This took me forever to figure out, so I'm putting it here so it doesn't get lost. :)

#include <stdio.h>
#include <string.h>
int main() {
	// References:
	// http://www.programiz.com/c-programming/c-strings
	// http://www.c-faq.com/charstring/index.html
	// http://www.c-faq.com/charstring/assign.html
	// Remember that, because that makes sense when you try to copy strings
	// from one place to another.  It becomes much clearer when you realize
	// you're only dealing with *arrays*.
	// Consider an example in PHP:
	// $arr_chars() = array();
	// You can't say $arr_chars = 'hello'; because they aren't even the
	// same type.  You could however say:
	// $arr_chars = array('H', 'e', 'l', 'l', 'o');  This example also
	// illustrates the length of each value in an array -- one character.
	// A STRING, then, it just an array of characters with a NULL
	// terminator as the last value.
	// In the same example, $arr_chars has 5 values: one for each letter.
	// However, in C, a "string" needs to have a NULL terminator.  So
	// if using the same PHP syntax, the new array would look like this:
	// $arr_chars = array('H', 'e', 'l', 'l', 'o', '\0'); and it has
	// six values again.
	// When copying strings around, remember that you only want parts of
	// the array.  You can initialize an array, and have a null terminator,
	// which makes it a string, but that is still not the END of possible
	// values in the array.  You would still need to resize it to the
	// correct size.
	// So, for example, using PHP syntax as an example, let's say you
	// wanted to create an array of 6 characters ('Hello\0') and create
	// a new one with only the first two *string* characters ('He').
	// The size of the first array needs to b 6 -- 5 characters and one
	// null terminator.
	// Creating a string like this automatically adds the terminator:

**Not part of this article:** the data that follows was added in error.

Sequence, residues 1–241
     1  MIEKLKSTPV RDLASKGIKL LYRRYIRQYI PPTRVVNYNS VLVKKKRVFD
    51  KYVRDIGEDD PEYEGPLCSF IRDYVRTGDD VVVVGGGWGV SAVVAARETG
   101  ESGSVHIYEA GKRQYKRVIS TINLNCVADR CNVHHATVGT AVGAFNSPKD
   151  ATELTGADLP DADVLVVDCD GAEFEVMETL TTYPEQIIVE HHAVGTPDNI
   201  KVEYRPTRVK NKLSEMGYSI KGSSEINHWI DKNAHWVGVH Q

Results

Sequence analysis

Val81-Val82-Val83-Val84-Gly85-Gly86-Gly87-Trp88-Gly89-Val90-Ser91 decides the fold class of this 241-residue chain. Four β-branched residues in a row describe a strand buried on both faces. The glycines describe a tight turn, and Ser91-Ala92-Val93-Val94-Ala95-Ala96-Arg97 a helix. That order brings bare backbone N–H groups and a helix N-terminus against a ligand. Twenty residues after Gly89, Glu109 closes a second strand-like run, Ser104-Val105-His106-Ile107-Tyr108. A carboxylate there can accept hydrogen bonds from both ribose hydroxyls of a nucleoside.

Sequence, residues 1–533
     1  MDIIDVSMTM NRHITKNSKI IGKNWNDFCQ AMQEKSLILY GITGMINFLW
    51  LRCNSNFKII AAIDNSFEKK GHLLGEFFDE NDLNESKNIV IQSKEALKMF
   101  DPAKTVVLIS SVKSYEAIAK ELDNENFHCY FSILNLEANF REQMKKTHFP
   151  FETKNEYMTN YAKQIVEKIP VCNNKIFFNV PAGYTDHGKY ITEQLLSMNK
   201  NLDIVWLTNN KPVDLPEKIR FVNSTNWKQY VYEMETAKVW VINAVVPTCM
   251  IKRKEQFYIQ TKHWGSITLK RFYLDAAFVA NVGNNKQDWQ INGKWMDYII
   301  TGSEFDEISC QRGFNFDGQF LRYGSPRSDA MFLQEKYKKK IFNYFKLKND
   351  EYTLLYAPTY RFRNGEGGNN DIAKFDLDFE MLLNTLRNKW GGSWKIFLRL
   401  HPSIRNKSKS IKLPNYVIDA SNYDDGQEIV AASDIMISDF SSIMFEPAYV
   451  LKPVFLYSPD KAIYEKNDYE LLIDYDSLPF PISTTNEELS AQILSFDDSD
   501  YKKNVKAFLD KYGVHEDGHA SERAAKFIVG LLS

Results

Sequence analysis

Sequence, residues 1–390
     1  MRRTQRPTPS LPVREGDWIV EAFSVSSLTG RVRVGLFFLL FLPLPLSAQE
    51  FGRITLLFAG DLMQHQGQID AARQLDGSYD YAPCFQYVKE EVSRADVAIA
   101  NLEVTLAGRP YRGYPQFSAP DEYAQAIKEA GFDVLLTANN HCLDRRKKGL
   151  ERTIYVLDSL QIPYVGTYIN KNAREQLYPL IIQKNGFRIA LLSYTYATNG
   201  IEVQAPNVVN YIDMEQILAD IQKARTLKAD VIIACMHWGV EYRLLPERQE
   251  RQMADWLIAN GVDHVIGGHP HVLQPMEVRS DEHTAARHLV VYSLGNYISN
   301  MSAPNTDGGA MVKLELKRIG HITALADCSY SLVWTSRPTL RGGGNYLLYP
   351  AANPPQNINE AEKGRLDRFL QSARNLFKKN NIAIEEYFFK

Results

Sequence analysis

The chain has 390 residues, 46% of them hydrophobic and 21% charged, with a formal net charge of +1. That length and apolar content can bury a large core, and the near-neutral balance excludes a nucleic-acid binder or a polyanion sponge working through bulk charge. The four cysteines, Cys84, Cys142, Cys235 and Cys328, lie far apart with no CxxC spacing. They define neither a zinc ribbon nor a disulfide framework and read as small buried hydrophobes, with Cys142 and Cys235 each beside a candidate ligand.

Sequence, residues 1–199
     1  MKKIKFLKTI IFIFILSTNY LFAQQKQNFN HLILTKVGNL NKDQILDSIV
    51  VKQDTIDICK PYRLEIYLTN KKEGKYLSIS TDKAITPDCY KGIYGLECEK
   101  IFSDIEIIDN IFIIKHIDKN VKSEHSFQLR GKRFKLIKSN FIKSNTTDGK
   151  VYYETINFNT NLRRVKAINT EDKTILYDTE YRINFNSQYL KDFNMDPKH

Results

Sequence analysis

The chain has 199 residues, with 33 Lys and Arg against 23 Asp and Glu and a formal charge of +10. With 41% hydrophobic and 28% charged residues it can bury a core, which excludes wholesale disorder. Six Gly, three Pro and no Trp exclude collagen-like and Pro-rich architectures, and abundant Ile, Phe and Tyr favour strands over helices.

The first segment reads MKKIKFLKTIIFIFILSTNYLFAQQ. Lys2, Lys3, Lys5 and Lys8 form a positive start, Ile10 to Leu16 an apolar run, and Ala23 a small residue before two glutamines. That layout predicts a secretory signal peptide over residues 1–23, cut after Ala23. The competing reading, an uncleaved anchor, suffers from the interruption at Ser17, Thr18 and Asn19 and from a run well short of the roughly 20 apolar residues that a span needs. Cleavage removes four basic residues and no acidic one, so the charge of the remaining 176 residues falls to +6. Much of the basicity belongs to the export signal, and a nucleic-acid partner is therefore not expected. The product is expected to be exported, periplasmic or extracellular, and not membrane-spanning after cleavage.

char *hello = "Hello";
	// Likewise, create a new array with a specific number of characters:
	// two, plus one for the null terminator.
	char hi[3];
	// Use the strncpy function to copy *contents of the array* from one
	// to another.
	// strncpy() is a good function for two main reasons:
	// 1. It allows you to set a fixed amount of characters (array
	//    elements).  This is a good feature because it limits the
	//    amount you want to copy.
	//    I was trying to think of a good example to use of why this is
	//    helplful, but I couldn't really come up with anyhting, mostly
	//    because it's this second feature that really makes it shine:
	// 2. It automatically adds a null terminator **if** the size of the
	//    source is at least one smaller than the destination.  This is
	//    where the real power of this function comes into play.  Since
	//    it's used for strings, who need null terminators, it simply
	//    takes care of managing one for you.
	// Here are some specific walkthroughs.  First, let's start with two
	// words that we can trim down and they'll both be full words.  Let's
	// use "hope" and "hop".  Since they are only one character apart, that
	// will make it simpler.
	// Create the first string.  It will be an array of characters with
	// four of them being letters, and the fifth a null terminator.
	// For the sake of verbosity, we'll set each value directly.
	char str[5] = {'H','o','p','e','\0'};
	// If we check the string length, then it will return 4.  The strlen
	// function counts all the letters *up until* the null terminator. So
	// even though the array has 5 characters, there are only 4 actual
	// lettters.
	printf("string length: %lu\n", strlen(str));
	// At the same time, if we looked at the *real* size of the array, it
	// will say that there are 5 characters.
	printf("sizeof array: %lu\n", sizeof(str));
	// Once you understand that, you can see how strings are really just
	// a quick check to see if there's a null terminator or not.
	// That's it!  Pretty simple when you look at it that way.  The
	// string length is always one less than the size of the actual array.
	// Now, some IMPORTANT THINGS TO REMEMBER about strncpy():
	// 1. "Warning:  If  there  is no null byte among the first n bytes of
	//    src, the string placed in dest will not be null-terminated."
	// You don't really have to worry about this if your source array
	// wasn't a string anyway, because you'd probably know what you were
	// doing anyway.
	// An example:
	char abc[3] = {'a','b','c'};
	// Is this a string?  No, it is not, because it doesn't have a null
	// terminator on the end.  It's an array with three characters.  Now
	// if you want to copy that array to another one of the same size, then